...Ethologists who study animal behaviour increasingly accept the idea that fear keeps animals away from predators, lust draws them toward each other, panic motivates their social solidarity and care glues their parent-offspring bonds. Just like us, they have an inner life because it helps them navigate their outer life...-- Stephen T. Asma.
...After you spend time with wild animals in the primal ecosystem where our big brains first grew, you have to chuckle at the reigning view of the mind as a computer...Our rational mind is truly embodied, and without this emotional embodiment we have no preferences. In order for our minds to go beyond syntax to semantics, we need feelings. And our ancestral minds were rich in feelings before they were adept in computations...The brain that ‘feels’ precedes the brain that ‘thinks’...
Asma's On Monsters is referenced in this post.
5 February 2013
What made animals the real stars of ice-age art? It may be because this art reflects a long-lost system of religious belief that saw animals as supernatural creatures, divine beings, gods.-- Jonathan Jones.
It was the mammoth, the bison and the horse that captured the imaginations of these artists and inspired their greatest work...The modern human mind begins with the same questions about gods and monsters, the same curiosity about nature and capacity for fantasy, that have shaped it ever since.
See A bestiary of 25,000 years.
4 February 2013
...we would assume that what it is we meant-- lines from The Lost Notebooks of Loren Eiseley, quoted by Esther Woolfson in Field Notes from a Hidden City
would have been listed in some book set down
beyond the sky's far reaches, if at all
there was some purpose here. But now I think
the purpose lies in us all and that we fall
into an error if we do not keep
our own true notebook of the way we came,
how the sleet stung, or how a wandering bird
cried at the window...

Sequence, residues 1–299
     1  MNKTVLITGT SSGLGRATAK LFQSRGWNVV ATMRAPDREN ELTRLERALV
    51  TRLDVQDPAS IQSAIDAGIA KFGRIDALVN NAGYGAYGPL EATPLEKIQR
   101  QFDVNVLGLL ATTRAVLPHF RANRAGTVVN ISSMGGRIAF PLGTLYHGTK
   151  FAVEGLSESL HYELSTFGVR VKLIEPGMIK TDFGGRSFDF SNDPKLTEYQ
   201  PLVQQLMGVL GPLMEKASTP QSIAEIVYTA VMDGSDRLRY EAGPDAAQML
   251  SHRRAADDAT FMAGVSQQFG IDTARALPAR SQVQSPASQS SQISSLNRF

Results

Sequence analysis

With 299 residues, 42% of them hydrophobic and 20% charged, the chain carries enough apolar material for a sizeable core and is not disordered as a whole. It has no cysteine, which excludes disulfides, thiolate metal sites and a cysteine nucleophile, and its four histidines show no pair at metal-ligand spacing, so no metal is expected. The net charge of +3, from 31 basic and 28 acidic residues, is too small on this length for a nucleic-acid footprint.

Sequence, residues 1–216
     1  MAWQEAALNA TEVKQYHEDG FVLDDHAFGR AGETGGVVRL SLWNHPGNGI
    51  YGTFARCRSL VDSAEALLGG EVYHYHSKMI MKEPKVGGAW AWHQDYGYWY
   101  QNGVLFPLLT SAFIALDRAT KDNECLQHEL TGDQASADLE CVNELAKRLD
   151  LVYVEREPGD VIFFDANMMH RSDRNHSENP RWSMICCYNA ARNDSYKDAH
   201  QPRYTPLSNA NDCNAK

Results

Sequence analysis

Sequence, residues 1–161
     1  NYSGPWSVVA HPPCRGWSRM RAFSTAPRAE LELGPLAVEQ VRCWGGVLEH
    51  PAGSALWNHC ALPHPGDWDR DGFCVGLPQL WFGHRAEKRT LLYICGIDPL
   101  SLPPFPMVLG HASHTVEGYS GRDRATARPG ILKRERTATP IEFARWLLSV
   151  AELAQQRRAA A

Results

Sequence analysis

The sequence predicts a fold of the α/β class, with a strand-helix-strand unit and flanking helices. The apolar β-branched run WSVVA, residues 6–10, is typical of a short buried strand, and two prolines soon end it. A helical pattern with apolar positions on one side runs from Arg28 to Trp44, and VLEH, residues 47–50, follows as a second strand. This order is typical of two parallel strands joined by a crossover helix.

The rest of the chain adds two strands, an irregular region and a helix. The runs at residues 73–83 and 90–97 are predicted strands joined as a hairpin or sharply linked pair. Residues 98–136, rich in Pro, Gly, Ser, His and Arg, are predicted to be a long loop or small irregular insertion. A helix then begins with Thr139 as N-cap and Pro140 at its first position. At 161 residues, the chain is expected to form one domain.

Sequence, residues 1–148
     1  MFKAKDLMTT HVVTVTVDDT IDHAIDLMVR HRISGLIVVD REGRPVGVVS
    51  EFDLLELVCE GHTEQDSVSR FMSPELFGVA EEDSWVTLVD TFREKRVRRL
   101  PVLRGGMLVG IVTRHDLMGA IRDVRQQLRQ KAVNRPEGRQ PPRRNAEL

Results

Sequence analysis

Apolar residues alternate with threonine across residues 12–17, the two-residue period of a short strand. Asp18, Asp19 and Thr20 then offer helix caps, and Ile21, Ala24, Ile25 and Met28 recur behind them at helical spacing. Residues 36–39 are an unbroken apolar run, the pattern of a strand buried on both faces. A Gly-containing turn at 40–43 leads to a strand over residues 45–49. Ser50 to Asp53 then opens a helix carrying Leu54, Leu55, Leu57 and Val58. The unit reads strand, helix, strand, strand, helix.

"Our life is not the line, but the space around that line", writes Nat Case
3 February 2013
A Tibetan mystic saying goes: We are here to realize the illusion of our separateness. The spiritual sentiment has a biological cognate. Our xenotropic drive — to merge with what is not us, temporarily in sex, or permanently in symbiosis or cross-species hybrids — is more than a metaphor. But it also offers spiritual solace. When we hook up with another, in sex or love (or, more rarely, both) we prove that our isolation is not permanent. In the fullness of time, we may all be linked...-- from Death and Sex by (Tyler Volk and) Dorion Sagan quoted by Maria Popova
2 February 2013
Spontaneous formation of colonies of bacteria or flocks of birds are examples of self-organization in active living matter. Here, we demonstrate a form of self-organization from nonequilibrium driving forces in a suspension of synthetic photoactivated colloidal particles. They lead to two-dimensional "living crystals," which form, break, explode, and reform elsewhere...-- from Living Crystals of Light-Activated Colloidal Surfers
1 February 2013
The Cunning Little Vixen, at once a charming children's tale and a profound allegory of modern life, may be Janáček's greatest achievement. It begins innocuously, as a folksy old forester -- as a child Janáček dreamed of being a forester -- captures a fox cub and brings her to his home. She runs amok, slaughters the chickens, and in banished to the woods. There she finds a handsome lover and woos him to music that parodies Wagnerian opera, notably Strauss in his kitschier moods. In Act III, the vixen is felled by a rifle shot, and the opera takes on an altogether different tone. In the final scene the forester steps out of his folk tale role and meditates on the passage of time. He seems to be musing about the very opera that he's in. "Is this fairy tale or reality? Reality or fairy tale?" The forester falls asleep, and when he wakes the animals of the woods surround hum. He sees fox cubs play and realizes that they are the vixen's children. He then catches a little frog in his hand, thinking he's seeing the same "clammy little monster" whom he met in the first scene of the opera.
Forester: Where have you come from?
-- from The Rest is Noise by Alex RossFrog: That wasn't me, that was grandpa! They told me all about you.In other words, the animals of the forest have been telling stories about the forester over the course of their brief lives, as if he were a hero from long ago. In the disjuncture between human and animal time we see him -- and ourselves -- across an immense space.